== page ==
Objectives: To assess the association between tobacco consumption and dementia using the same methodology in seven developing countries, testing the specific hypotheses that higher exposure to tobacco is associated with a higher prevalence of dementia, that the association is limited to smoked tobacco and is stronger for vascular dementia compared to Alzheimer's disease.
Methods: Cross-sectional surveys conducted on individuals aged 65+. A total of 15 022 residents in specified catchment areas were assessed face-to-face using a standardised protocol, which included dementia diagnosis and detailed information on past and current tobacco consumption, and on important potential confounders of this association.
Results: A high proportion of participants were never smokers (52% in Dominican Republic to 83% in Peru), most of those who ever used tobacco in China and India were still smoking at age 65 and above (80% and 84%, respectively). There was a positive association between history of tobacco smoke exposure (pack years up to age 50) and dementia (pooled PR = 1.003; 95%CI 1.001-1.005), Alzheimer's disease (pooled PR = 1.007; 95% CI, 1.003-1.011) and Vascular Dementia (pooled PR = 1.003; 95% CI = 1.001-1.005). These associations were attenuated but remained significant if exposure after the age of 50 was included. In India there was no association between smokeless tobacco and dementia.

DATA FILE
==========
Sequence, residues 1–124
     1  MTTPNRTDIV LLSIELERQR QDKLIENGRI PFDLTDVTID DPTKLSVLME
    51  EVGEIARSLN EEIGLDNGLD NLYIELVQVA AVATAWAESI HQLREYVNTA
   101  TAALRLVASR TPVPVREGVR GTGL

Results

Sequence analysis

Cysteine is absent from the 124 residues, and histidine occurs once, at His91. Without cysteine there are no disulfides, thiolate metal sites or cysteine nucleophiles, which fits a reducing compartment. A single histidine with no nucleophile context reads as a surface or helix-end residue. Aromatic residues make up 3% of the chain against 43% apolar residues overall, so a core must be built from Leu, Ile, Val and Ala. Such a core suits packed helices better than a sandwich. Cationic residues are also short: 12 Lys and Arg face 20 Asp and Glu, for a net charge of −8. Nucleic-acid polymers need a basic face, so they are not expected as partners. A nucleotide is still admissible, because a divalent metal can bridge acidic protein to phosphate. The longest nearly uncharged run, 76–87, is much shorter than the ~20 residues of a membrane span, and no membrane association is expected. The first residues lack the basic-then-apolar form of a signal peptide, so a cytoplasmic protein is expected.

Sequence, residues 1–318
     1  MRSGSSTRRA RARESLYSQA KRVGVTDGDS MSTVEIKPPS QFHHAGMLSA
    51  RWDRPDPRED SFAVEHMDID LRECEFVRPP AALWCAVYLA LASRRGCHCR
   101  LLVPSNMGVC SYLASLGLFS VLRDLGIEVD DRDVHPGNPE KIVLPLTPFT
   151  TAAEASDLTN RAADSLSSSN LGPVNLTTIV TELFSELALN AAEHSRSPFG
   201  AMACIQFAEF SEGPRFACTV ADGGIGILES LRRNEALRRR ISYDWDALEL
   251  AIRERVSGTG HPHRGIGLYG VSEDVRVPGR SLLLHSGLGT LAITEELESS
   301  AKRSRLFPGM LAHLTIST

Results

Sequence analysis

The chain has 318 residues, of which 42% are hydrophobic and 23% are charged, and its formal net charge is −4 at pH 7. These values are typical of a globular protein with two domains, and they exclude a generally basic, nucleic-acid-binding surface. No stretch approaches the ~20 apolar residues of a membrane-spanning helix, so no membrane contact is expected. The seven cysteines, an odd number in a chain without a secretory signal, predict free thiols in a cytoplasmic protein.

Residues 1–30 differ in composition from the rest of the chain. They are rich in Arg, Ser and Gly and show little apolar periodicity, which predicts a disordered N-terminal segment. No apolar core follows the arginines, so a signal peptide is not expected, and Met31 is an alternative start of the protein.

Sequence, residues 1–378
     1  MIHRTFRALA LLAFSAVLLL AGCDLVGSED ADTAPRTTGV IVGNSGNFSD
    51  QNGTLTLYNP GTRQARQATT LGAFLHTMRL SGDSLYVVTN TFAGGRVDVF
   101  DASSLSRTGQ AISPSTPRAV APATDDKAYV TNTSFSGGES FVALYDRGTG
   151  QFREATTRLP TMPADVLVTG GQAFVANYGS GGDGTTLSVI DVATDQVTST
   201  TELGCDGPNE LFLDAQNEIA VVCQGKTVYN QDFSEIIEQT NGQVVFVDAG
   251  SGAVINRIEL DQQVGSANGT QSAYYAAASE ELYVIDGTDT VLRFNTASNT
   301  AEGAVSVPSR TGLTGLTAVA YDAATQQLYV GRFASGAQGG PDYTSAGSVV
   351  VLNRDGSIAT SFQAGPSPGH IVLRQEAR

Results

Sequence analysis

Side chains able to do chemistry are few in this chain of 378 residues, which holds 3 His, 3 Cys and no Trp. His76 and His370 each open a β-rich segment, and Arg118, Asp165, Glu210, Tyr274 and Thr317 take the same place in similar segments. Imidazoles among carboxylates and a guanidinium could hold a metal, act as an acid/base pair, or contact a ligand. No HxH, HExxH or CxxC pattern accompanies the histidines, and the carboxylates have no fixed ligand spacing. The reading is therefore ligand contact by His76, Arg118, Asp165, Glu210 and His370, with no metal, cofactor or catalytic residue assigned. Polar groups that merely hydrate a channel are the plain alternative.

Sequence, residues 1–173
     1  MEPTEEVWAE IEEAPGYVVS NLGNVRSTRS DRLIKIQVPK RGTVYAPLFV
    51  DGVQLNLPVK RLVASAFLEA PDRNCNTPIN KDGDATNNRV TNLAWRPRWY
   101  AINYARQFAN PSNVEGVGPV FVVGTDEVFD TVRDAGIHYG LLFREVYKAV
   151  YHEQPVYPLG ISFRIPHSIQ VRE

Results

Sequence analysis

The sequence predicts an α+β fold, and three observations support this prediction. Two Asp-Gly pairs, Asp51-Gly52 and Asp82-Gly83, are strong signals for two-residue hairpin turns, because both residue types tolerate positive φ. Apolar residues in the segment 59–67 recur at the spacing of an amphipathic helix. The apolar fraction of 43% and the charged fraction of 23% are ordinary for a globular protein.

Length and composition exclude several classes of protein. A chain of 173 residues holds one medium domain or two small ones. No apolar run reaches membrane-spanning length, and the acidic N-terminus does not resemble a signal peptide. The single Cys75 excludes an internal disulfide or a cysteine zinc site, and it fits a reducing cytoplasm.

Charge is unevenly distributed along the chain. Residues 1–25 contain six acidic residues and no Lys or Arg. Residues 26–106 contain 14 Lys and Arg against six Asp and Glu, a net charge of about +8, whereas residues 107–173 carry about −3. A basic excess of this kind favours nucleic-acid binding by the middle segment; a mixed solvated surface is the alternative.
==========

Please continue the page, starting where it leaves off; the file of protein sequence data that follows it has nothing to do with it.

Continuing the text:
Conclusions: Dementia in developing countries appears to be positively associated with history of tobacco smoking but not smokeless tobacco use. Selective quitting in later life may bias estimation of associations.
Copyright © 2011 John Wiley & Sons, Ltd.